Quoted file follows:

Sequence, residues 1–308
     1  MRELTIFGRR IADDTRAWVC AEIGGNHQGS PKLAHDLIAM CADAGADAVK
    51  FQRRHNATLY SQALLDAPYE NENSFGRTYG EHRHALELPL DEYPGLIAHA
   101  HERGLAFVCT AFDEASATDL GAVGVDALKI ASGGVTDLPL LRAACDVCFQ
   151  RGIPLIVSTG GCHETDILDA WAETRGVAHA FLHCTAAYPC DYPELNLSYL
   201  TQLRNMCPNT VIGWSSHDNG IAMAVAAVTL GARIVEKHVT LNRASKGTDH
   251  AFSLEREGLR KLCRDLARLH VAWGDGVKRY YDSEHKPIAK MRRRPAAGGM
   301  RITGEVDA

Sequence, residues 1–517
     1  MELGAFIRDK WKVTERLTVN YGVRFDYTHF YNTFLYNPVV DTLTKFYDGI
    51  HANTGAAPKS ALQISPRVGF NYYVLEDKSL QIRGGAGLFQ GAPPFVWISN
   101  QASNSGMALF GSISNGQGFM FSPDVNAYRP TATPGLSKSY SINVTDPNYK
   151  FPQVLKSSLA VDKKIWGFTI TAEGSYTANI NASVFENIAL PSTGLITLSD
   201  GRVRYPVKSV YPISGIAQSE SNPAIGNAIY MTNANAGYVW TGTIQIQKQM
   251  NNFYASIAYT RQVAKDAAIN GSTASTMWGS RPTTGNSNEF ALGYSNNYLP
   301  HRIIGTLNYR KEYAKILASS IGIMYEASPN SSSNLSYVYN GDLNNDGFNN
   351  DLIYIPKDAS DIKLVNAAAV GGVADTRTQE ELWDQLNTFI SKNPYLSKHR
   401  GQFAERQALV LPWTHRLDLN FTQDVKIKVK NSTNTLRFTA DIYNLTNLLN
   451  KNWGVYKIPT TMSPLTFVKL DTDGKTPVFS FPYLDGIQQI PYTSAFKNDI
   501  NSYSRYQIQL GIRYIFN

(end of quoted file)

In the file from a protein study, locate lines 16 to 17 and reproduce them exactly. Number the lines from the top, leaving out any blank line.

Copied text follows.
   301  HRIIGTLNYR KEYAKILASS IGIMYEASPN SSSNLSYVYN GDLNNDGFNN
   351  DLIYIPKDAS DIKLVNAAAV GGVADTRTQE ELWDQLNTFI SKNPYLSKHR